Review by Publisher's Weekly Review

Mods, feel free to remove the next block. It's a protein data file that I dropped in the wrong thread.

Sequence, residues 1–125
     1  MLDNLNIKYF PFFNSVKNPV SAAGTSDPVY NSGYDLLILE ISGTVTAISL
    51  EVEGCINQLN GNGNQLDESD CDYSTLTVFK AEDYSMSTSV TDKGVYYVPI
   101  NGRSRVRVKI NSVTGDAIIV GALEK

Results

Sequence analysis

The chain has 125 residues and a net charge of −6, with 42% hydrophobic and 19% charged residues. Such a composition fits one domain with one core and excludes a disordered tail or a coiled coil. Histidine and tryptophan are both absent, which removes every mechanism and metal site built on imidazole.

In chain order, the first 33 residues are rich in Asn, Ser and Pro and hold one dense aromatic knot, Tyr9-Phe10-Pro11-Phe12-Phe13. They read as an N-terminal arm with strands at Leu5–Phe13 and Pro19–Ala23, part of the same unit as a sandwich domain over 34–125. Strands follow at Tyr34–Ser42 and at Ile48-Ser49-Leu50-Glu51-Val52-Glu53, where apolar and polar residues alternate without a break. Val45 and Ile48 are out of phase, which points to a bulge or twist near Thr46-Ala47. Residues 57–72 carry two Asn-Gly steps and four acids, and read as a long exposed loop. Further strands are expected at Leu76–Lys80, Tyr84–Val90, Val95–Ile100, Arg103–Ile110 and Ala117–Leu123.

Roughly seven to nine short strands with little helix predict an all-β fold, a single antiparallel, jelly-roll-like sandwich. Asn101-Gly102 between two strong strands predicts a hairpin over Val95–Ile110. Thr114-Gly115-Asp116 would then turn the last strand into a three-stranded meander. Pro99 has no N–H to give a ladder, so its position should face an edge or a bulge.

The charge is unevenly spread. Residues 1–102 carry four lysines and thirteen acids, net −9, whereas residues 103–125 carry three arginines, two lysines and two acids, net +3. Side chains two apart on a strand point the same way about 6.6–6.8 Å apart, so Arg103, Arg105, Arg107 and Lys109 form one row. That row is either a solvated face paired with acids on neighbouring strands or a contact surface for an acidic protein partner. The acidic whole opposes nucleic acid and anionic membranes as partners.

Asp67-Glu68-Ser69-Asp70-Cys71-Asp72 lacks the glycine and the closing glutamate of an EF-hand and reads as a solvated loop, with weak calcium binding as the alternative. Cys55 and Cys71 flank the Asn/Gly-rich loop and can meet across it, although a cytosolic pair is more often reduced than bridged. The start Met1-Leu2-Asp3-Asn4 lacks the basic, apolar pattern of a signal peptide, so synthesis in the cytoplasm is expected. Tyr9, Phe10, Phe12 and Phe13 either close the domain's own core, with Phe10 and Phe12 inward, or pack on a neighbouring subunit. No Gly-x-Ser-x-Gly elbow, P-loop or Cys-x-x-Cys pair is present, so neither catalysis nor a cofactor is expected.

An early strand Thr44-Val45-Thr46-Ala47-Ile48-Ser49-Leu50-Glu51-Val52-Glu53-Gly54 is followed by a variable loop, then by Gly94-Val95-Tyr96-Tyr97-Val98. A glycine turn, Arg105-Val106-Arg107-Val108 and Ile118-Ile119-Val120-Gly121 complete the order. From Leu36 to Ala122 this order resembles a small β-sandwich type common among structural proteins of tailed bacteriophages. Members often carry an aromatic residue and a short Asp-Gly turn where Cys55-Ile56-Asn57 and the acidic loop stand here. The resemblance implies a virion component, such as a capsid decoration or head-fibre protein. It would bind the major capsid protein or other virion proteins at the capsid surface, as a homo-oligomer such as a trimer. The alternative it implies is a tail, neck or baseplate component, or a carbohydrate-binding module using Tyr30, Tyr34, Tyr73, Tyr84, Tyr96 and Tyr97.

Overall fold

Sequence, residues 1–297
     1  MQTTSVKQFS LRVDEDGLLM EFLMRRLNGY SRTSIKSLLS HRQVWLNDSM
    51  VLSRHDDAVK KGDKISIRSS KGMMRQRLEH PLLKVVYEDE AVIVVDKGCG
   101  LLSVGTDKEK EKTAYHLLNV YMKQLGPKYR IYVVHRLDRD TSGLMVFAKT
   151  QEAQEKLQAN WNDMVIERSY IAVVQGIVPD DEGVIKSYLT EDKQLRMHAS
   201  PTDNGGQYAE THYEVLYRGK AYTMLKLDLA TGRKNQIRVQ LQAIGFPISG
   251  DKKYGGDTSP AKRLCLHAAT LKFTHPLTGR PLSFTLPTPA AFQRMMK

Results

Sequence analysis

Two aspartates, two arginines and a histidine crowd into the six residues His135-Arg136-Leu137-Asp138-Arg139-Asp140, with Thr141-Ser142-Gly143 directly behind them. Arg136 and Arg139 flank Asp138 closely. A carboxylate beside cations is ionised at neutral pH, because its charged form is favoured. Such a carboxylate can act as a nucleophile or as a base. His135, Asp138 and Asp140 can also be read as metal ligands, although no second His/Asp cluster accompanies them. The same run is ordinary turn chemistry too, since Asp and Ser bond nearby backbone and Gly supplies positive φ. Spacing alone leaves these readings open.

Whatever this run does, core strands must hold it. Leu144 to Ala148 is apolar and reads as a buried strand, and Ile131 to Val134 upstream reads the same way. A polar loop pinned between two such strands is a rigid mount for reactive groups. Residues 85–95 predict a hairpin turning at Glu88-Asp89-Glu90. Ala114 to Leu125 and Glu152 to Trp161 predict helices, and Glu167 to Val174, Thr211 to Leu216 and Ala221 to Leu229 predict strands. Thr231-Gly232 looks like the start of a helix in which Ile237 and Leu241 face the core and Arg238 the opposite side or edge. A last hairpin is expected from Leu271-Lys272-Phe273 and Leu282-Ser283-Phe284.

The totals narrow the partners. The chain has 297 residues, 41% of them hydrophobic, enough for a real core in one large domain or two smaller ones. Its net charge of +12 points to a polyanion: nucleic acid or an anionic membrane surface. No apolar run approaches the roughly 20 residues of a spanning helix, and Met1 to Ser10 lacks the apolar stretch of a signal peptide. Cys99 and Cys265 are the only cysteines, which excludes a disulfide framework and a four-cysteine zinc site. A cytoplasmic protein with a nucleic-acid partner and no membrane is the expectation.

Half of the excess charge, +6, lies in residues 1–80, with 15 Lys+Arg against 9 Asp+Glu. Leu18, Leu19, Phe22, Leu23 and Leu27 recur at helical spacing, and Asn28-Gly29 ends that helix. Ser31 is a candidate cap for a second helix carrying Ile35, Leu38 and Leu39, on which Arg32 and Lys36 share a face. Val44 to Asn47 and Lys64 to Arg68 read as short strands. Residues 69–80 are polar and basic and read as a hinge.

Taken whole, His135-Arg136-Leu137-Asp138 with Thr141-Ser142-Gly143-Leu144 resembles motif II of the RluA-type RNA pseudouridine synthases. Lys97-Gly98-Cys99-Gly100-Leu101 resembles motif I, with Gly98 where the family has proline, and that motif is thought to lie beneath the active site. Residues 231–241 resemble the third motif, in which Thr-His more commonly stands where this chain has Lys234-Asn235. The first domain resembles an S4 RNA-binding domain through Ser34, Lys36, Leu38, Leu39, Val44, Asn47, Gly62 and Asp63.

Historically feared, hunted and otherwise maligned, corvids (crows, ravens and the like) have finally found in the coauthors two champions of their cause. Professor Marzluff and artist and writer Angell, in their decades of observing crows and ravens (Angell's illustrations complement the text), have compiled an eye-popping catalogue of crow feats: Japanese carrion crows use moving cars as nutcrackers; Seattle crows, after being trapped by the authors, have learned to avoid them, even in the midst of thousands of UW-students; and, given the choice between french fries in a plain bag or a McDonald's bag, crows choose the branded bag every time. Marzluff and Angell entertain with these stories, but find less success with their arguments that no other animal has been as influential to human culture, and the two species have been for centuries involved in a "cultural coevolution." In essence, shifts in our culture cause crows to adapt, and in response, our culture responds, ad infinitum. They provide a litany of examples of crow influences on human culture (think Counting Crows, cave art and doctors dressed up as crows during the Black Death) and point to the similarities between human and crow cultures (particularly that of social learning) as evidence for the book's unofficial maxim: "to know the crow is to know ourselves." While the claims made here may over-reach, Marzluff and Angell passionately argue crows' importance, and along the way, provide ample evidence of corvid ingenuity. (Oct. 31) Copyright 2005 Reed Business Information.